(WARNING: GRAPHIC CONTENT) Sept. 8 - Syrian President Bashar al-Assad, in an interview with ''CBS This Morning'' co-host Charlie Rose, denies he was behind a suspected chemical weapons attack, saying evidence was not conclusive there had been such an attack. Mana Rabiee reports.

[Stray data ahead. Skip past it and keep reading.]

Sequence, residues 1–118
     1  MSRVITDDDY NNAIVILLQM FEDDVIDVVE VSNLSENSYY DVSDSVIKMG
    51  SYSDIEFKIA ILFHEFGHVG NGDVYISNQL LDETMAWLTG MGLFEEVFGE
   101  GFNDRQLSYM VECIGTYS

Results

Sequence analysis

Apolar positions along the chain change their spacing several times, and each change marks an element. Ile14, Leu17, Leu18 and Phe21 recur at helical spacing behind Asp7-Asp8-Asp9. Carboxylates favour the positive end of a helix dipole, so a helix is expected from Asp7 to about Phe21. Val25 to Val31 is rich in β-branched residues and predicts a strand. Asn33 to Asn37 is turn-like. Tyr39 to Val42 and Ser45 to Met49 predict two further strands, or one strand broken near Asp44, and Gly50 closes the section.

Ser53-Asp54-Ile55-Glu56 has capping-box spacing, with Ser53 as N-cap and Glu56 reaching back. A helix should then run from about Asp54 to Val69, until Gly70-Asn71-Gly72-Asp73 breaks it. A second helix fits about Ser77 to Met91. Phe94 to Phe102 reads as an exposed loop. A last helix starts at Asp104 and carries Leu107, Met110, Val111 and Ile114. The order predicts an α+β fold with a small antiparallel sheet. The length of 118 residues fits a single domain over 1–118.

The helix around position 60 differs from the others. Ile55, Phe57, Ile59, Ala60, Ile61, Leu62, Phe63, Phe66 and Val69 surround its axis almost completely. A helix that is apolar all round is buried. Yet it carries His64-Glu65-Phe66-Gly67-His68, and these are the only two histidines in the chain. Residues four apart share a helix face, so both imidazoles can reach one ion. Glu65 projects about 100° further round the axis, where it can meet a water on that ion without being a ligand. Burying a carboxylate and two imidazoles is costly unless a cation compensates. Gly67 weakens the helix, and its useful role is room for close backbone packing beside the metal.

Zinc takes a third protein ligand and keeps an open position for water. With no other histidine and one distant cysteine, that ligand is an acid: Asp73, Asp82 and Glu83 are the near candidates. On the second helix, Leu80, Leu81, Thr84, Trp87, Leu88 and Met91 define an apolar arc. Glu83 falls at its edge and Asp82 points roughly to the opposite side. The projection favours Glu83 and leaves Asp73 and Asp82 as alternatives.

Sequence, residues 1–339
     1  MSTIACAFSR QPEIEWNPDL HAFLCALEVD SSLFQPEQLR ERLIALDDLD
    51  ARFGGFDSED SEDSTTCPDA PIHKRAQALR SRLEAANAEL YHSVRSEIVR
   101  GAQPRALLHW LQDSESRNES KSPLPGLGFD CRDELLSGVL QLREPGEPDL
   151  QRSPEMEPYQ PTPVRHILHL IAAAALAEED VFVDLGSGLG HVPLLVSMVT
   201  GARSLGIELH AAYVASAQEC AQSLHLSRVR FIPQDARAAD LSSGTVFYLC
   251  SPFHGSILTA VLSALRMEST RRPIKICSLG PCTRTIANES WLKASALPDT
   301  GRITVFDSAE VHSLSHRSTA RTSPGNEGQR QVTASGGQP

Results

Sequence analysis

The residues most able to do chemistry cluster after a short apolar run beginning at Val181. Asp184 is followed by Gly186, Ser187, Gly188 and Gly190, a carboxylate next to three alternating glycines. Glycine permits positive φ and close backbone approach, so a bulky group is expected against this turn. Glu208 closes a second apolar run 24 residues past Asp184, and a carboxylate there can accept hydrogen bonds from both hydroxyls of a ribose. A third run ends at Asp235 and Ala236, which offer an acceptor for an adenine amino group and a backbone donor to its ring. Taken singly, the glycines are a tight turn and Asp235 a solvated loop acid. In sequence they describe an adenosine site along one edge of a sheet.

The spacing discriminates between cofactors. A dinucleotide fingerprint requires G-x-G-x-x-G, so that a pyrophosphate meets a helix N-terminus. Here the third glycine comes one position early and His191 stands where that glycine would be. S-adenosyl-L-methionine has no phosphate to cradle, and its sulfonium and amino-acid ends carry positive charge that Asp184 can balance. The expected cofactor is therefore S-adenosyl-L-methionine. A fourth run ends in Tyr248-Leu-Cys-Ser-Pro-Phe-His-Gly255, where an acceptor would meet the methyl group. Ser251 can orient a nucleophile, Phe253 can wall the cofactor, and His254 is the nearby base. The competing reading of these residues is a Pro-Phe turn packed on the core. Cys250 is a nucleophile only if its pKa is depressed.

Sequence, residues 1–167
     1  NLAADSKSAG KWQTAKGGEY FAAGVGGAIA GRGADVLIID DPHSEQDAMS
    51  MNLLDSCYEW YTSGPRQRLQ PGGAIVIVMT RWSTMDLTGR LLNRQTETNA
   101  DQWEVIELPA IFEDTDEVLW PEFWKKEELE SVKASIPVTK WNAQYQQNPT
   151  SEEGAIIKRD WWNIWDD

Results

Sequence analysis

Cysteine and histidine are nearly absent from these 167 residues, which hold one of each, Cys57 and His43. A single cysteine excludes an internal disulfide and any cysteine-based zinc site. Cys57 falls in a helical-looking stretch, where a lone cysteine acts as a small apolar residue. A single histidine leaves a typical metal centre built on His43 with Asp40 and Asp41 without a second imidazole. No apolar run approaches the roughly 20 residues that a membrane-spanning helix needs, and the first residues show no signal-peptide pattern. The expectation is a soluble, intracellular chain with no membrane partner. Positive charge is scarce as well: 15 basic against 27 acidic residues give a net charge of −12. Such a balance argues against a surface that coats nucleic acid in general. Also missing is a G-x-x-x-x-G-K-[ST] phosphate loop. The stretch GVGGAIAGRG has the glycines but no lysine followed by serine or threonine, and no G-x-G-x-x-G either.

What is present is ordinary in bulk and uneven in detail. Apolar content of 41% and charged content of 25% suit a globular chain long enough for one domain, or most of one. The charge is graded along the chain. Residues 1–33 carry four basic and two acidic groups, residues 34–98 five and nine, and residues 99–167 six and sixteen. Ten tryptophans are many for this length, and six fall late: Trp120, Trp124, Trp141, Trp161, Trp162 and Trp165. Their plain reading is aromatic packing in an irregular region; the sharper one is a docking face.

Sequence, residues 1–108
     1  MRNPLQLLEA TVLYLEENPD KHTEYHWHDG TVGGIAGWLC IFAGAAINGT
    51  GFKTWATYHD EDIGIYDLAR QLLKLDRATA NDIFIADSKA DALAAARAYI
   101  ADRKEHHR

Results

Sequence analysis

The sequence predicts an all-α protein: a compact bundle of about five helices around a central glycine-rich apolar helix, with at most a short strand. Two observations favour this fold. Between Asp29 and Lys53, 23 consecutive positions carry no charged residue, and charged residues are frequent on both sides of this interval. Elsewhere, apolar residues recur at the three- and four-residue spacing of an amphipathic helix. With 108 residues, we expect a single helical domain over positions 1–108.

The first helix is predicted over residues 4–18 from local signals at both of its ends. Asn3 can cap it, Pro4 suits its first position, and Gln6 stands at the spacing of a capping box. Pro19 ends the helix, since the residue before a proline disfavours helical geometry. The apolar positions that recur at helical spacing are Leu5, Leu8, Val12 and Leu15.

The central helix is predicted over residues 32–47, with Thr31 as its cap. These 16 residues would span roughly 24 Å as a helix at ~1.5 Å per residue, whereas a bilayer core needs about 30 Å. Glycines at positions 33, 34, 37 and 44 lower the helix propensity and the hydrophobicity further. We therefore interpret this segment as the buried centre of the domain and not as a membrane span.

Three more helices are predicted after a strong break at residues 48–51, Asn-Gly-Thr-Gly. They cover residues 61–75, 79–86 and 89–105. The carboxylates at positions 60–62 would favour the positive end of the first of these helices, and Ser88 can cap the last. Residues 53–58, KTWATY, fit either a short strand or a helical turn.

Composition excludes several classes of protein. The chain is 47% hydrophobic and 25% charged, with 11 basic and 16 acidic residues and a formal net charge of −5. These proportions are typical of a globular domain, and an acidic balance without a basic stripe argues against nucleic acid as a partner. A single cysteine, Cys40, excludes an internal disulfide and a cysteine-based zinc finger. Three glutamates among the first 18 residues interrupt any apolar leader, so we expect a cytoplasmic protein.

Syrian President Bashar al-Assad denied he was behind a suspected chemical weapons attack that's now at the center of a possible U.S.-led military response against his regime. He spoke with "CBS This Morning" co-host Charlie Rose, who discussed his interview with Assad on CBS' "Face the Nation." SOUNDBITE: "CBS THIS MORNING" CO-HOST CHARLIE ROSE SAYING: "He denied that he had anything to do with the attack. He denied that he knew in fact that there was a chemical attack. Notwithstanding what has been said and notwithstanding the video tapes. He said there's no evidence yet to make a conclusive judgment." Rose said Assad did not know if there WOULD be a strike, but that he was "as prepared" as Syria could be. SOUNDBITE: "CBS THIS MORNING" CO-HOST CHARLIE ROSE SAYING: "He said, suggested, that there would be among people that are aligned with him some kind of retaliation if a strike was made." Rose said Assad was very concerned that an attack could degrade his military and could help TIP THE BALANCE in his protracted war with rebels, but… SOUNDBITE: "CBS THIS MORNING" CO-HOST CHARLIE ROSE SAYING: "He was calm. He knew the situation he was in. Damascus seemed calm. It was calm when I was there. They are watching what happens in Washington." And IN Washington, White House Chief of Staff Denis McDonough continued to press the Administration's case for military action, appearing on the Sunday talk shows - in the face of an uphill battle in Congress. Excerpts of Rose's interview with Assad will air Monday morning on CBS - and in its entirely on PBS that night.